IT staff in jeopardy, under pressure

10 Feb 2009

It looks like the IT sector will be suffering the same blows from the economic downturn as other sectors as a just-published report predicts that over one quarter of Irish companies will be letting IT staff go over the course of 2009.

The survey by Clarion Consulting, entitled The Evolving Role of the IT Function in Irish Organisations, was compiled from polls completed online by 120 private and public-sector companies. 

As is expected, the companies that say they will be letting some of their IT staff go this year give ‘market conditions’ and ‘pressures towards rationalisation’ as the main reasons.

But while IT jobs hang in the balance, they will also be harder to come by for graduates as only 18pc of companies polled said they would be hiring IT staff in the short-term – a figure in stark contrast to last year’s 35pc.

More doom and gloom: only 28pc of these predicted hires in the short-term will be completely permanent staff – the other 43pc will be a combination of temporary and permanent, while the remaining 29pc will be composed of temporary staff only.

“Companies are looking for flexible resourcing models that minimise impact on permanent headcount and avoid fixed cost,” said Ronan Foley (pictured), director with Clarion Consulting.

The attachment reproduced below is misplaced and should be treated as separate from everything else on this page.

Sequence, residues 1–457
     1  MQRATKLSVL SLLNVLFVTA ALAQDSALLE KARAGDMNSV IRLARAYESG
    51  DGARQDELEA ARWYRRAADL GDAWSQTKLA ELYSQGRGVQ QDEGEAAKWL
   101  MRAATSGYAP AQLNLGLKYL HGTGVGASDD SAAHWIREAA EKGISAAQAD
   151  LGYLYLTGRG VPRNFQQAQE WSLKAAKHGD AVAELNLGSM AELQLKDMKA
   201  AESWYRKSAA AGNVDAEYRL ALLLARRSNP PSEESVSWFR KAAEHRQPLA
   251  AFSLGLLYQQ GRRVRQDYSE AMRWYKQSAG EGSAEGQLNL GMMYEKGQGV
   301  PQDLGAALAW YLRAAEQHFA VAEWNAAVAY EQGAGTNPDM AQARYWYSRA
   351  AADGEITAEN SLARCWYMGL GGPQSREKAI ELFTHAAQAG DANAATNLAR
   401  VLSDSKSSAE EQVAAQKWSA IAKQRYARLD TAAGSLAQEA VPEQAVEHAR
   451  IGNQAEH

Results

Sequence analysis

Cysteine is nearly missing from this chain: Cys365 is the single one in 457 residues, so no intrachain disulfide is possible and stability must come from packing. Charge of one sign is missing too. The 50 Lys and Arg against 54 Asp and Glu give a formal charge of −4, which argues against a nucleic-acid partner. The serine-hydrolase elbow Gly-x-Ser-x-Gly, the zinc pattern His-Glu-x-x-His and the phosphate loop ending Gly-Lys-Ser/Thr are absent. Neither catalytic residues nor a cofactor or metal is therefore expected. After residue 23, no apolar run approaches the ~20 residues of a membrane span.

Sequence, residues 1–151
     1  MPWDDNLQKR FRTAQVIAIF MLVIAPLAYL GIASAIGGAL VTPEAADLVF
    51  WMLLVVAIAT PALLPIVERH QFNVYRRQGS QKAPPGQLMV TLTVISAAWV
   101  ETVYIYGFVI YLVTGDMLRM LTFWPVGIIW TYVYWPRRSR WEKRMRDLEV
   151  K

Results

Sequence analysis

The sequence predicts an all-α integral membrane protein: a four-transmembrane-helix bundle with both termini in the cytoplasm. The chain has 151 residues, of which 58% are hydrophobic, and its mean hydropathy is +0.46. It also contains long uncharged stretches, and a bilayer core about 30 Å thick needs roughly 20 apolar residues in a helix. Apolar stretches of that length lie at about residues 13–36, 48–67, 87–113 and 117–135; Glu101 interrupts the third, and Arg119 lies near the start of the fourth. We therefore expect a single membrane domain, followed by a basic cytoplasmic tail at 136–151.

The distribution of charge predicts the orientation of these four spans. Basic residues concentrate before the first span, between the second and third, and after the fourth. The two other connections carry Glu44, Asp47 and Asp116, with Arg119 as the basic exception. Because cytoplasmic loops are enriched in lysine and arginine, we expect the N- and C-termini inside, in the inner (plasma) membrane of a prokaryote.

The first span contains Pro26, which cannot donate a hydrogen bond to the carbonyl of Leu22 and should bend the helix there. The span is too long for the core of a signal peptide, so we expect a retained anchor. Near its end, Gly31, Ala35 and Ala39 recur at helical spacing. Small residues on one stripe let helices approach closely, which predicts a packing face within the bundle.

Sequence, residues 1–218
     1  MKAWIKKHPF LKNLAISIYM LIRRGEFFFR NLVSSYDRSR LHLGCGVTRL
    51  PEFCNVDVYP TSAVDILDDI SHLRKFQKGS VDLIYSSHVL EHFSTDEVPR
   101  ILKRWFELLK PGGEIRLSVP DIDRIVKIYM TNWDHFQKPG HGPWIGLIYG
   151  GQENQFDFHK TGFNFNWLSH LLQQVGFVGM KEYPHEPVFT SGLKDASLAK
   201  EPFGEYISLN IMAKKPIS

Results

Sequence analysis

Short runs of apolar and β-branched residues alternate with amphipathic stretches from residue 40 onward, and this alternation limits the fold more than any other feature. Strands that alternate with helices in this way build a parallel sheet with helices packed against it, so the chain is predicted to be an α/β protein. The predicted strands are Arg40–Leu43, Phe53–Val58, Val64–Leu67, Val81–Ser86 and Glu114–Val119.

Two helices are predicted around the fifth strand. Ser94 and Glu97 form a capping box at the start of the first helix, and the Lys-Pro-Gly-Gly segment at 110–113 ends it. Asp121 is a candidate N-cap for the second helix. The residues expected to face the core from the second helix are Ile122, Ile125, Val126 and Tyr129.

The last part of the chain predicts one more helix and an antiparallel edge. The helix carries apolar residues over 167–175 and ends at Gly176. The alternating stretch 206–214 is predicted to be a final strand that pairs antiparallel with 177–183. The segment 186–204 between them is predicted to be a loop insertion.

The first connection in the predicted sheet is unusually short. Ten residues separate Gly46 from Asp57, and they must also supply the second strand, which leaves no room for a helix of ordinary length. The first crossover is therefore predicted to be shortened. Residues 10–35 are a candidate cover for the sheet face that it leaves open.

“There is a realisation that, despite the economic slowdown, IT projects still need to be completed, and many organisations are drawing on the availability and expertise of temporary staff to help them achieve that.”

As to where across the varied range of IT jobs these companies will be targeting for temporary staff reductions, it appears it will be roughly across the board. However, some 44pc of the firms polled said that desktop support personnel, project managers and IT management could be the main victims.

Salary increases also look likely to be affected, with Foley adding that CIO’s will find it difficult to pay salary increases given the state of the economy right now.

“For this reason, employee training and development plans will become critical allowing for upskilling and cross-skilling, and providing a flexible workforce which can better respond to market challenges,” he said.

By Marie Boran

Pictured: Ronan Foley, director with Clarion Consulting